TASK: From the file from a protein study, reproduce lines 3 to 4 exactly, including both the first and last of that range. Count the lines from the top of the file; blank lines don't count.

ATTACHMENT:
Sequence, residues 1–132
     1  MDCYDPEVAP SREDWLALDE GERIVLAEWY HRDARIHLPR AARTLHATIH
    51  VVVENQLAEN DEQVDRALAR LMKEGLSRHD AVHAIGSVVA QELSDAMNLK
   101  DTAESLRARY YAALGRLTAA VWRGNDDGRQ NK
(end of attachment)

    51  VVVENQLAEN DEQVDRALAR LMKEGLSRHD AVHAIGSVVA QELSDAMNLK
   101  DTAESLRARY YAALGRLTAA VWRGNDDGRQ NK